April 09. 2008 9:00AM
County refuses to sign planning agreement
By SETH STRATTON
The Davidson County Board of Commissioners, again citing its disdain for a
weighted voting system the Winston-Salem Urban Area Metropolitan Planning
Organization plans to adopt, did not approve an agreement with the regional
transportation group at its meeting Tuesday night.
"If you look at those numbers there, it smacks of heavy-handedness and that
really bothers me," Commissioner Dr. Max Walser said.
By a 4-3 vote, the county board refused to sign the memorandum of
understanding with the MPO, an organization that prioritizes road projects for
a region and votes on what projects should be planned prior to being added to
the Transportation Improvement Plan list of the N.C. Department of
Commissioner Billy Joe Kepley for months has criticized the weighted voting
system for its lack of balance. The system gives Winston-Salem officials 46
out of 100 votes, Forsyth County officials 20 votes and the N.C. Board of
Transportation representative, Nancy Dunn, 5 votes. Under the new plan,
Davidson County would receive 4 votes while Midway and Wallburg would receive
one vote each. Previously, the county, Midway and Wallburg each received one
vote out of 29.
Commissioner Chairman Larry Potts told commissioners to save their materials
and information on the MPO because the issue would likely come up again in the
"We're going to have to vote on it some time," Potts said.
Wallburg agreed to sign the agreement in January and Midway's council agreed
at its meeting Monday night, Mayor George Byrum said. The MPO covers all of
Forsyth County and parts of Davie and Stokes counties. It also includes the
northern part of Davidson County, containing 12,310 county residents, Midway,
with 4,198 residents, and Wallburg, with 1,042 residents, for a total of
17,550 residents. The MPO is requesting all city and county governments within
the planning organization's boundaries to sign the agreement by July.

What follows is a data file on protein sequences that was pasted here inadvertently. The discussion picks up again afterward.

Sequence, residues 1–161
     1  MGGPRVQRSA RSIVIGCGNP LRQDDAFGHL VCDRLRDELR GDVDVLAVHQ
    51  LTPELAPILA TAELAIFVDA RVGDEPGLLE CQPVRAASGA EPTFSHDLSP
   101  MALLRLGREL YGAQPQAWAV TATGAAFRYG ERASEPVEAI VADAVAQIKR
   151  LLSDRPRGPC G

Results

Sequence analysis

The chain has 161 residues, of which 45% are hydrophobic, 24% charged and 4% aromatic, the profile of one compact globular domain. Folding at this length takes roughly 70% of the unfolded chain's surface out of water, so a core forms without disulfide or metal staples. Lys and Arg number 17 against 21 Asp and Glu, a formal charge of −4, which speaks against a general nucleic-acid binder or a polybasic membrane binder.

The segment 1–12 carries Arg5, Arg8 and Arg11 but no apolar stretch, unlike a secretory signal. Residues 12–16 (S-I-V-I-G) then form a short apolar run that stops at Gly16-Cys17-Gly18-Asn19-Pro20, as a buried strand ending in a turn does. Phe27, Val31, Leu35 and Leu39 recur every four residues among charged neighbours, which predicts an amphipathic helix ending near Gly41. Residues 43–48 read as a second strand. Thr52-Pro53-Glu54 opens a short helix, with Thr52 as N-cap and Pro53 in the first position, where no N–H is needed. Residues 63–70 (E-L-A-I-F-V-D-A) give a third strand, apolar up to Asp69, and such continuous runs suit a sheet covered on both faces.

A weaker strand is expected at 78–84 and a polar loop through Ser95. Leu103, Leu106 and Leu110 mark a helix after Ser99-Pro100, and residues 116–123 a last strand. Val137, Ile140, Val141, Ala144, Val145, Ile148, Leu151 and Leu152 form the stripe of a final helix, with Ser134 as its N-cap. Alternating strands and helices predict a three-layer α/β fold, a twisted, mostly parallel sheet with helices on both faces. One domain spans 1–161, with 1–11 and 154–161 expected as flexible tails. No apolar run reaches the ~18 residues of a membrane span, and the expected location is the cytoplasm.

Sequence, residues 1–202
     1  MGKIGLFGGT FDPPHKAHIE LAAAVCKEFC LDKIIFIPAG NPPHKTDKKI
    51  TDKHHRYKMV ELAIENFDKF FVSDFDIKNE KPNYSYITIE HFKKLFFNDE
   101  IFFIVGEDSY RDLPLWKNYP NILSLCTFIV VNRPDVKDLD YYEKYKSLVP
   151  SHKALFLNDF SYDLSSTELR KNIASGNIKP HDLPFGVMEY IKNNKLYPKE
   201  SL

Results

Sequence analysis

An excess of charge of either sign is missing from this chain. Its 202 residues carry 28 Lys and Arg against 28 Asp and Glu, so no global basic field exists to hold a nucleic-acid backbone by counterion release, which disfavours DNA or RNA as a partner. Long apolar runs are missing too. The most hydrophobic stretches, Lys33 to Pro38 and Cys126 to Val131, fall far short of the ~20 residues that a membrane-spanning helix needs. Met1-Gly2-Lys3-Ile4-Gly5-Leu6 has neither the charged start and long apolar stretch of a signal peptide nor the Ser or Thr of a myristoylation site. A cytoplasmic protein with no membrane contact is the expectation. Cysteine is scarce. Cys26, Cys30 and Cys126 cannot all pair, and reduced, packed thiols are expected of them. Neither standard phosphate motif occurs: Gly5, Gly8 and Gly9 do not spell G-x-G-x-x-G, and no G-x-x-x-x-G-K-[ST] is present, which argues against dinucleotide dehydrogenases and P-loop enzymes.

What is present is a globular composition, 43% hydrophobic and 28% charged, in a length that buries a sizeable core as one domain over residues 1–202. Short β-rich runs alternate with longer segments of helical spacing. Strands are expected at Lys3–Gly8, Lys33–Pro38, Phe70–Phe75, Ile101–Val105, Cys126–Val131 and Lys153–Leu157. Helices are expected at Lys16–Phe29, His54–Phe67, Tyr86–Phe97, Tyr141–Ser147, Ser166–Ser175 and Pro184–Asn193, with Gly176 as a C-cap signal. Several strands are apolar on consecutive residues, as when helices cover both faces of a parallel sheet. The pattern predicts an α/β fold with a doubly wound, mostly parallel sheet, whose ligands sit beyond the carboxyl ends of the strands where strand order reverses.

Kepley said some "cosmetic changes" were made to the agreement but nothing
concerning weighted voting. County Attorney Robert Hedrick said the weighted
voting system is only invoked if a member asks for it during a meeting. The
MPO also requires annual dues to the organization; Davidson County's are set
Commissioner Don Truell made a motion to approve the agreement, seconded by
Walser, who said he would only agree to sign it if he could include a
"strongly worded letter" to MPO officials outlining the county's concerns with
the weighted voting system. Hedrick said the agreement was reviewed by the
N.C. Attorney General's office and commissioners had to vote on the agreement
as is and could not remove the voting structure section from the agreement
prior to a vote.
The county board had asked Hedrick to investigate the voting structures of
other MPOs around the state. Hedrick said a source in Raleigh told him that
several MPOs had weighted voting but none of them were as unbalanced as the
Winston-Salem Urban Area MPO.
County Planning Director Guy Cornman said he wanted to make sure the two
counties would be able to work together when the new N.C. Highway 109 is
built. Cornman said transportation officials are looking at four different
routes for the state highway that runs along the eastern part of the county to
Winston-Salem and will eventually connect with Interstate 40. Cornman said
without a county voice in those talks, Winston-Salem officials could have
complete control over where the new route would go.